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Ethnic differences in self-harm, rates, characteristics and service provision: three-city cohort study

  • Jayne Cooper (a1), Elizabeth Murphy (a1), Roger Webb (a1), Keith Hawton (a2), Helen Bergen (a2), Keith Waters (a3) and Navneet Kapur (a1)...
Extract
Background

Studies of self-harm in Black and minority ethnic (BME) groups have been restricted to single geographical areas, with few studies of Black people.

Aims

To calculate age- and gender-specific rates of self-harm by ethnic group in three cities and compare characteristics and outcomes.

Method

A population-based self-harm cohort presenting to five emergency departments in three English cities during 2001 to 2006.

Results

A total of 20 574 individuals (16–64 years) presented with self-harm; ethnicity data were available for 75%. Rates of self-harm were highest in young Black females (16–34 years) in all three cities. Risk of self-harm in young South Asian people varied between cities. Black and minority ethnic groups were less likely to receive a psychiatric assessment and to re-present with self-harm.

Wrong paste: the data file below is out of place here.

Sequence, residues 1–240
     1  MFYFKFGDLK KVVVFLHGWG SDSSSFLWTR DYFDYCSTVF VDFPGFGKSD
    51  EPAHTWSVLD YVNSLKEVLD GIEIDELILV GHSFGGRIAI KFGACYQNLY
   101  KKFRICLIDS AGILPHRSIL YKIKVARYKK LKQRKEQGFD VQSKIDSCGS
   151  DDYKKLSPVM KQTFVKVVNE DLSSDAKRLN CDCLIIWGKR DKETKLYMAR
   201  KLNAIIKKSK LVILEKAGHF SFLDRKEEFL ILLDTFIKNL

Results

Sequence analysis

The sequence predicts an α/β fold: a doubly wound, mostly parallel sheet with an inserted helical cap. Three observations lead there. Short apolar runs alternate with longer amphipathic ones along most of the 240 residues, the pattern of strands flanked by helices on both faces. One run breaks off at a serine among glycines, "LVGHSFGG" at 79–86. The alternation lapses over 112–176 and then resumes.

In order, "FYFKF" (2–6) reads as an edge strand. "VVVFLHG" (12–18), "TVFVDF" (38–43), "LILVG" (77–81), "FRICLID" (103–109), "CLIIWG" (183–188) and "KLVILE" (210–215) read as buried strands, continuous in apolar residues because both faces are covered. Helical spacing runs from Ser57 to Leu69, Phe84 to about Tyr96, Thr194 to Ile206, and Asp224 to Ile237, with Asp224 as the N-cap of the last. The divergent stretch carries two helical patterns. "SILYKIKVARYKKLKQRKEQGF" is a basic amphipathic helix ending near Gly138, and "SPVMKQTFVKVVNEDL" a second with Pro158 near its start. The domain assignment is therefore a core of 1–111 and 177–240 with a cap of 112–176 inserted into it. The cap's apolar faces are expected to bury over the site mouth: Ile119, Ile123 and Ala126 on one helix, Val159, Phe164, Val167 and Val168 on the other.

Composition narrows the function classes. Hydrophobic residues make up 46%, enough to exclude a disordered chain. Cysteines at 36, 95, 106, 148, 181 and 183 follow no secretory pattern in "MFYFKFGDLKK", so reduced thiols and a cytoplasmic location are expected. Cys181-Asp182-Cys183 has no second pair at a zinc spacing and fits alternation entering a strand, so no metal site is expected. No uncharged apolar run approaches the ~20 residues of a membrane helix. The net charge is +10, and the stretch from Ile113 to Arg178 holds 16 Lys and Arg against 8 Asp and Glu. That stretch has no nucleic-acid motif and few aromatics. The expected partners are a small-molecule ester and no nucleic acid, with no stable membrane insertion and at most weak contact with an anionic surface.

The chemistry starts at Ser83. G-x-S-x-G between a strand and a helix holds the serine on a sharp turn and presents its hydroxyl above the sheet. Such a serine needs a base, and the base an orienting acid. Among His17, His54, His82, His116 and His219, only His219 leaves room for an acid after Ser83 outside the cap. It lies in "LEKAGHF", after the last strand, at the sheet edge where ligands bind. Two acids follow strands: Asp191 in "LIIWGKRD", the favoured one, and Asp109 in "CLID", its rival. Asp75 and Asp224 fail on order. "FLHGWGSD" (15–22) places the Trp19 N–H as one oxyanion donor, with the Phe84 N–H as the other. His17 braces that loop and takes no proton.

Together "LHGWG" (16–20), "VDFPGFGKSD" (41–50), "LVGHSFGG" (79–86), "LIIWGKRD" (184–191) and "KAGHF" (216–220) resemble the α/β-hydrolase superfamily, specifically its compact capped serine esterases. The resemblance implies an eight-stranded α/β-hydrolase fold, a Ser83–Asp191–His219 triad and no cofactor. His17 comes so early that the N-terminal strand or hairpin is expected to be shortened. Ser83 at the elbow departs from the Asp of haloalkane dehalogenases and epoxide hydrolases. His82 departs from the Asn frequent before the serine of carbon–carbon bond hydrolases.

Conclusions

Despite the increased risk of self-harm in young Black females fewer receive psychiatric care. Our findings have implications for assessment and appropriate management for some BME groups following self-harm.

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Copyright
Corresponding author
Jayne Cooper, Centre for Suicide Prevention, University of Manchester, Community Based Medicine, Jean McFarlane Building, Oxford Road, Manchester M13 9PL, UK. Email: jayne.cooper@manchester.ac.uk
Footnotes
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Declaration of interest

N.K. is Chair of the NICE Guidelines Development Group for the new self-harm guidelines.

Footnotes
References
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Ethnic differences in self-harm, rates, characteristics and service provision: three-city cohort study

  • Jayne Cooper (a1), Elizabeth Murphy (a1), Roger Webb (a1), Keith Hawton (a2), Helen Bergen (a2), Keith Waters (a3) and Navneet Kapur (a1)...
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